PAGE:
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Clean Energy Development

Smart Grid

Con Edison of New York and Orange and Rockland are moving to the forefront of grid automation technologies through a number of programs that are bringing the world’s oldest electrical distribution system to the leading edge of 21st century technology. In partnership with the U.S. Department of Energy through a 2009 grant, we have invested nearly $300 million in technologies that increase grid operators’ real-time visibility of grid conditions, improve operational flexibility, enhance reliability, and strengthen its systems. At the same time, these improvements enable customers and grid operators to more seamlessly integrate on-site distributed generation into the grid and make more effective use of demand-side management programs.

Specific improvements include:

  • Redesigned distribution networks in Manhattan by creating sub-networks that correspond with flood zones. This new configuration will reduce the number of customers affected by storm and heat-related outages and will speed restoration if service is affected. These designs mirror similar advancements in Brooklyn and Queens where smart switches were used to enhance reliability and network control. This provides operators with remote control capabilities for detecting and responding to system faults and provides equipment status, voltage and current data in real time. In the future, the system will automatically detect and respond to system faults.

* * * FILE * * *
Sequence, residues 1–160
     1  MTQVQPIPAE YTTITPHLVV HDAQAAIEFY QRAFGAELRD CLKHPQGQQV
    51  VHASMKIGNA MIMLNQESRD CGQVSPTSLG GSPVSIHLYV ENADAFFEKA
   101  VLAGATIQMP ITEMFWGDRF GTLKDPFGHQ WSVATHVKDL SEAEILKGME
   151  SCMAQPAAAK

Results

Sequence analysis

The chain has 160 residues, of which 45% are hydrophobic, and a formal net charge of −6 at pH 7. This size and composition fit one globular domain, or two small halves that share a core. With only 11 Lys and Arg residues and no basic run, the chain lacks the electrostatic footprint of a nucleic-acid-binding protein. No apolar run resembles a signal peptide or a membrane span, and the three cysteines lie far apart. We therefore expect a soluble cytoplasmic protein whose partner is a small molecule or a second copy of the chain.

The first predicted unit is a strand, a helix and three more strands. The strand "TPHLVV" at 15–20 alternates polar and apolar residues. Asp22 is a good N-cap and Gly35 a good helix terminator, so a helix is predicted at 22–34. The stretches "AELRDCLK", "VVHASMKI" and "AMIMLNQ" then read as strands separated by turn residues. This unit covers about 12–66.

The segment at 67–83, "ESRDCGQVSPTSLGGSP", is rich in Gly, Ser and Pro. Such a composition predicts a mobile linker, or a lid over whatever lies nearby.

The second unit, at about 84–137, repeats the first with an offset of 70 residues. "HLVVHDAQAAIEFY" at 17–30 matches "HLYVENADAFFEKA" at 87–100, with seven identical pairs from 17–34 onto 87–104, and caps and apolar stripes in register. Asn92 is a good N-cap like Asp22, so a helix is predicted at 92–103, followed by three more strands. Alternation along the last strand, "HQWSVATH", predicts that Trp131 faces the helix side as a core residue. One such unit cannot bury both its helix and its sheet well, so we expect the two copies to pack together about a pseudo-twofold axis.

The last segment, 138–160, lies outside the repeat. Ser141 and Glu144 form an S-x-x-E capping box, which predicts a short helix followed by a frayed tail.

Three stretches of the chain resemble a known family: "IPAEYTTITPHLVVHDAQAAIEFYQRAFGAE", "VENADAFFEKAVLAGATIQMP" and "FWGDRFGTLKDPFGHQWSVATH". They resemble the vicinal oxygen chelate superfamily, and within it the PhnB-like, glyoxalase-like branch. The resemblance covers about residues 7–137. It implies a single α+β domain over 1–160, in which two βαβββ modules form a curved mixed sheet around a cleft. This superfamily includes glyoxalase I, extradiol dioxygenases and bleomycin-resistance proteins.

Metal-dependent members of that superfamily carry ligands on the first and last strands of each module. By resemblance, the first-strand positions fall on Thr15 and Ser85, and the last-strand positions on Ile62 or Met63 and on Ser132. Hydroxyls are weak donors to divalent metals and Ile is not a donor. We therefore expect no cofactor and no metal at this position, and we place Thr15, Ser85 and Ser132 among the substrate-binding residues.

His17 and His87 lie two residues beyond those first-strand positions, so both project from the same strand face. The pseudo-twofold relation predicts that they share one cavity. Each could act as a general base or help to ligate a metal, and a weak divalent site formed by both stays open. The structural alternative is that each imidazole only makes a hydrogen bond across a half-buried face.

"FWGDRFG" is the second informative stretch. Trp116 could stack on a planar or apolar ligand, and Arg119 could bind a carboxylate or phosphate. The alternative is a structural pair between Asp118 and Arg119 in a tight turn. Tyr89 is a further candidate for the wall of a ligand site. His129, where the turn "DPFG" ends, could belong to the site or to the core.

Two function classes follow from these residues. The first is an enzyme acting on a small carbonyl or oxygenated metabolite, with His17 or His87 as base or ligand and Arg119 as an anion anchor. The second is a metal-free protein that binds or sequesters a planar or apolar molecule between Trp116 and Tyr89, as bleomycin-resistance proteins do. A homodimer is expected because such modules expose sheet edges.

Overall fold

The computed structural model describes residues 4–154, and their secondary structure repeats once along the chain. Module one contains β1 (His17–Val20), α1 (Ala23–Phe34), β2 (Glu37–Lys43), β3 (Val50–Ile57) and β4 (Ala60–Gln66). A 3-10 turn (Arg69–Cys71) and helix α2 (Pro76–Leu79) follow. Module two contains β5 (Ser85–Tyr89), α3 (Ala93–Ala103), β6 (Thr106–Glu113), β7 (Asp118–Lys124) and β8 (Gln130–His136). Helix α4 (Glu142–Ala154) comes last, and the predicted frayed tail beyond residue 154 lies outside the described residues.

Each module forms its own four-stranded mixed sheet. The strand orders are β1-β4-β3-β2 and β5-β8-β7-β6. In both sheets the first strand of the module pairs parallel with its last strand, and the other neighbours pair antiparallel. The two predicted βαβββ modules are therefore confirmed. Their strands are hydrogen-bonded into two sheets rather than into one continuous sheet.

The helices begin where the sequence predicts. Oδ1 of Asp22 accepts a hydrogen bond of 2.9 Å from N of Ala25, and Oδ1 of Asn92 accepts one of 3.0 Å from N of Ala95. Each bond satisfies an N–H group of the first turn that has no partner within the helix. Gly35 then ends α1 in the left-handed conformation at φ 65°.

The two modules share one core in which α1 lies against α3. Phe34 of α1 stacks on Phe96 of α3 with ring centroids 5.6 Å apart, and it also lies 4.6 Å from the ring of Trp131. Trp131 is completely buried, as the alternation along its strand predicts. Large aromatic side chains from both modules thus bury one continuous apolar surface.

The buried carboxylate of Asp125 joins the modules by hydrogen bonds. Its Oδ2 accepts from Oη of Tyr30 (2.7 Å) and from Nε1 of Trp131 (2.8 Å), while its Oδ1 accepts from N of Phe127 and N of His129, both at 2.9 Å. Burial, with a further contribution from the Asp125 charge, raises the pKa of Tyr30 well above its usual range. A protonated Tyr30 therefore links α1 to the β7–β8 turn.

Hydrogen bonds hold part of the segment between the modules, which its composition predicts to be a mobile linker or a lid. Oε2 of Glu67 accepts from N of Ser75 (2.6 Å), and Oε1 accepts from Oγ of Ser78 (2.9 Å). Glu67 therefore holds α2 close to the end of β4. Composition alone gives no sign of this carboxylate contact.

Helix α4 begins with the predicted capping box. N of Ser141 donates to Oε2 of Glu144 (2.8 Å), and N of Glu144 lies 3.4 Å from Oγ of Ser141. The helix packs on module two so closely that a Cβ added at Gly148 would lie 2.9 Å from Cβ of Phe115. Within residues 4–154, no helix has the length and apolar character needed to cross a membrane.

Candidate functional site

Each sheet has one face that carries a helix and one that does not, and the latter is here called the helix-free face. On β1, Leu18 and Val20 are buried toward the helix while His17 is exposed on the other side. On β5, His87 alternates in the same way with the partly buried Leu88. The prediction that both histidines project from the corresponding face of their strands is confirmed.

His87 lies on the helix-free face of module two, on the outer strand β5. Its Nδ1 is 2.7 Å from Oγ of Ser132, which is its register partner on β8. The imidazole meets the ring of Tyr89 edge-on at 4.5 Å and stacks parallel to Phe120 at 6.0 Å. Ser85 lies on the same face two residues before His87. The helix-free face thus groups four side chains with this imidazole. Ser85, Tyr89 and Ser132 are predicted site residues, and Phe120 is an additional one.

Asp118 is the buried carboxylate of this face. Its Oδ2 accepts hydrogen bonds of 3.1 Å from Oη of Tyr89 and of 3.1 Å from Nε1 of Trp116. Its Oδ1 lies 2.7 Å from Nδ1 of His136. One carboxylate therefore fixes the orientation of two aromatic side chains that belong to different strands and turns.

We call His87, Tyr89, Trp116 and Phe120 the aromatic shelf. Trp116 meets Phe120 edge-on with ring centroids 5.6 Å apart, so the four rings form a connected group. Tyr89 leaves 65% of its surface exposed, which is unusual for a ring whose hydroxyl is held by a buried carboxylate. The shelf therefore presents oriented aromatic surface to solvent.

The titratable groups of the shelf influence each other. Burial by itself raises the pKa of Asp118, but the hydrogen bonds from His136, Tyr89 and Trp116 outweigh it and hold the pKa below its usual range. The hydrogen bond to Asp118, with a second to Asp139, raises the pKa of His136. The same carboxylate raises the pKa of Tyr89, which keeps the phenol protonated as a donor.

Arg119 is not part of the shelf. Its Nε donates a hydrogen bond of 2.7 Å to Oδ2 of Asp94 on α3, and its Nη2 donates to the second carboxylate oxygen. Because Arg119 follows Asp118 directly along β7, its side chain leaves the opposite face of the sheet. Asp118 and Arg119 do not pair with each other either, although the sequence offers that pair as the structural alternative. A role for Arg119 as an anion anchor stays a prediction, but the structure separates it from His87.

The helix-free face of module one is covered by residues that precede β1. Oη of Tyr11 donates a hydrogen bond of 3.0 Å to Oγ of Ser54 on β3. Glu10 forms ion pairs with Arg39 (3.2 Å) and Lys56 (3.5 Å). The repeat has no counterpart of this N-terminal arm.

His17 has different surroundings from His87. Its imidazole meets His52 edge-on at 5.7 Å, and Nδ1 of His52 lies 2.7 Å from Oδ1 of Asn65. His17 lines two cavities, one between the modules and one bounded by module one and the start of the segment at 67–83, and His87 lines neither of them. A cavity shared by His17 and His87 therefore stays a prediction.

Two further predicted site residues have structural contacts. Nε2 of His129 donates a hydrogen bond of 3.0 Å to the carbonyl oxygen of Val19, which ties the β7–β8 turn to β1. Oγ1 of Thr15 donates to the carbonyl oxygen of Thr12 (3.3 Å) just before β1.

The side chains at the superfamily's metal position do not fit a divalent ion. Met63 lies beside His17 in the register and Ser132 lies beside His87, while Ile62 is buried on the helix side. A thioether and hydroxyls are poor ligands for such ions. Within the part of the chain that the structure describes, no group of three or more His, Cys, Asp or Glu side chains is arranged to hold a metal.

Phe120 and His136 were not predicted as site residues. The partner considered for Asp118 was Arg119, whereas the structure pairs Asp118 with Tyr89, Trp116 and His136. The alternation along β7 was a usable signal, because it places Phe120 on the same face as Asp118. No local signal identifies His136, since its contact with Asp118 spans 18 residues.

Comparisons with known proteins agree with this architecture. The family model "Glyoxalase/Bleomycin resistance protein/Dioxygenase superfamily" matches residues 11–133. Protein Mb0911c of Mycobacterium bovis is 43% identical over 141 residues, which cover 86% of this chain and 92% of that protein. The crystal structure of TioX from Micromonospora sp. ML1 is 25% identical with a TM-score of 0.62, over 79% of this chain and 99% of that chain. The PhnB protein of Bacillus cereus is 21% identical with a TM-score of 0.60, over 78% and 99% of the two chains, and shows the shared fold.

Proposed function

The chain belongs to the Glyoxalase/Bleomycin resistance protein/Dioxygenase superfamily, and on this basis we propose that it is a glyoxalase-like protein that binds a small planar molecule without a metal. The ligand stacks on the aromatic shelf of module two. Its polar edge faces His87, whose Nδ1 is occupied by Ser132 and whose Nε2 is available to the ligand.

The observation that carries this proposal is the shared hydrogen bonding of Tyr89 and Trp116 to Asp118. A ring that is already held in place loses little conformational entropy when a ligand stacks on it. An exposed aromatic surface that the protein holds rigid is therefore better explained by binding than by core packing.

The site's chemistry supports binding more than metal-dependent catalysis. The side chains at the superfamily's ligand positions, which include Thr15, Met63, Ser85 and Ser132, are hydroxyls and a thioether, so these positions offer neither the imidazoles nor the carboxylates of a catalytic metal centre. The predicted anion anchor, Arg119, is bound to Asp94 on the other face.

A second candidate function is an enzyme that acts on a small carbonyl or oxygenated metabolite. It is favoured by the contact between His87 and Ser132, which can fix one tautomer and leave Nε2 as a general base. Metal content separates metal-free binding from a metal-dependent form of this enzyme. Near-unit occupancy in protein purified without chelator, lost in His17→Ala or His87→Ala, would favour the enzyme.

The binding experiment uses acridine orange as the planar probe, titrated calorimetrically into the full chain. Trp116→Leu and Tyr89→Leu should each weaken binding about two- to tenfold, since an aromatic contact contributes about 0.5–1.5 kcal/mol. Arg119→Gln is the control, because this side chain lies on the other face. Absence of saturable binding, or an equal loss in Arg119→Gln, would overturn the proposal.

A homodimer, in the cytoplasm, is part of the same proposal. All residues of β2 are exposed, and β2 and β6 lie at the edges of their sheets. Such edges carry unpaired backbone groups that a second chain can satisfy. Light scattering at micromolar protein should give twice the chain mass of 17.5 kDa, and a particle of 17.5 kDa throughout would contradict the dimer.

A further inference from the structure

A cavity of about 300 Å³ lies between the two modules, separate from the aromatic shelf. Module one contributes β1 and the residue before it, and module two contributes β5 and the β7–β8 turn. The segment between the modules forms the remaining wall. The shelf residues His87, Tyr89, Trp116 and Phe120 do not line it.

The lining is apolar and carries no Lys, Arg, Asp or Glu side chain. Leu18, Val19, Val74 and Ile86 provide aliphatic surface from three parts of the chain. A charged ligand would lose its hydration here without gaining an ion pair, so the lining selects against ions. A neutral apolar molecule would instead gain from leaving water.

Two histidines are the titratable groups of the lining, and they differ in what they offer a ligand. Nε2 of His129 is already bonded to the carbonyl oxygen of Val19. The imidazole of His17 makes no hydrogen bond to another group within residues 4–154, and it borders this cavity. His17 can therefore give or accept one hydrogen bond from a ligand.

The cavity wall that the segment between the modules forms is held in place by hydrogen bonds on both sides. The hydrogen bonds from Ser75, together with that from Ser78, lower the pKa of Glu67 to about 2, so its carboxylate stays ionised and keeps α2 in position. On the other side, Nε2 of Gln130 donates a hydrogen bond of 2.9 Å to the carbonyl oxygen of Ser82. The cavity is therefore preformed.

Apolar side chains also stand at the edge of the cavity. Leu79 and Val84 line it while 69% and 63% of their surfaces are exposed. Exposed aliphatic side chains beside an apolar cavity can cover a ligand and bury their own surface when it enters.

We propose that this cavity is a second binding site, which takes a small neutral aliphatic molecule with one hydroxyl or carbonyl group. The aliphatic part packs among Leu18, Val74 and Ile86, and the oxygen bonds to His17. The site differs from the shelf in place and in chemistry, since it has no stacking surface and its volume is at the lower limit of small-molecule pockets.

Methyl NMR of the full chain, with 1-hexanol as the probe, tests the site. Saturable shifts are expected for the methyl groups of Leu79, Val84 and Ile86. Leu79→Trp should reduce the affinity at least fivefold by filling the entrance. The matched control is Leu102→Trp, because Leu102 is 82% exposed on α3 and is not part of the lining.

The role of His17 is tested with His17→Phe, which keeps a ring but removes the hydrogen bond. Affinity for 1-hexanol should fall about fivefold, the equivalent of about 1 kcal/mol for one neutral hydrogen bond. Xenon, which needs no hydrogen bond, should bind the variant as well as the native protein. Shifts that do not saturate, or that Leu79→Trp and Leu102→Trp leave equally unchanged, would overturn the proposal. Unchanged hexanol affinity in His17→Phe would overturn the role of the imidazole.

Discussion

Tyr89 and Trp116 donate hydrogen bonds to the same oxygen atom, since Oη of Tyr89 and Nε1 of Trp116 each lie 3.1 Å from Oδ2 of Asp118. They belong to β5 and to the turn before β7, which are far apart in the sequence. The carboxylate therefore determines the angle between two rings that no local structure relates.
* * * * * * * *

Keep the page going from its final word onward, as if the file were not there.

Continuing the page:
• New network configurations in Brooklyn and Queens allow interconnection between two networks and provide operational flexibility during system contingencies.
  • Newly designed, remotely controlled submersible switches will afford grid operators and storm restoration crews better visibility and enable more targeted operation of the distribution system.
  • New remote monitoring and predictive technologies allow grid operators to preemptively prevent impending asset failures. More than 13,000 sensors and transmitters have been installed on underground transformers throughout the system.
  • Four smart grid demonstrations integrated various elements including PV solar, battery storage, electric vehicle charging stations, building management systems, and demand response technologies into the control room. These projects paved the way toward enhancing localized grid management through a visualization tool that enabled operators to see which resources could be drawn upon to alleviate constraints in a particular network.
  • Nearly 4,000 new communicating system meters give grid operators a real-time view of outage management across the system; 580 new remote-controlled switches enhance control and flexibility; and 400 new distribution capacitors support better service to customers under all conditions.
  • Installed as part of a U.S. Department of Energy grant awarded to New York ISO, new leading-edge synchrophasors will support regional grid-monitoring.
  • Advanced relay technology allows grid operators the ability to sense and respond to system disturbances more effectively than ever before.

These upgrades, along with others, are changing the way we operate the grid and are making the system more resilient, reliable, and safe for customers in and around New York City.